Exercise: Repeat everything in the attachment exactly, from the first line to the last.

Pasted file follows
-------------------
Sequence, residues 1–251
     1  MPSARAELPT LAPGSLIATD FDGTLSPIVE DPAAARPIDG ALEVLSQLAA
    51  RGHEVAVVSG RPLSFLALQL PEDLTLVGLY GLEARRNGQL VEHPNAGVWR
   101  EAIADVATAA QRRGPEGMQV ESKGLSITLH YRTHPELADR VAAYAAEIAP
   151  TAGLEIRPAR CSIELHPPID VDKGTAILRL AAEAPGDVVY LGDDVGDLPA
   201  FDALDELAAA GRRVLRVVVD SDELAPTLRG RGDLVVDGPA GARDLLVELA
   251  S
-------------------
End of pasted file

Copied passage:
Sequence, residues 1–251
     1  MPSARAELPT LAPGSLIATD FDGTLSPIVE DPAAARPIDG ALEVLSQLAA
    51  RGHEVAVVSG RPLSFLALQL PEDLTLVGLY GLEARRNGQL VEHPNAGVWR
   101  EAIADVATAA QRRGPEGMQV ESKGLSITLH YRTHPELADR VAAYAAEIAP
   151  TAGLEIRPAR CSIELHPPID VDKGTAILRL AAEAPGDVVY LGDDVGDLPA
   201  FDALDELAAA GRRVLRVVVD SDELAPTLRG RGDLVVDGPA GARDLLVELA
   251  S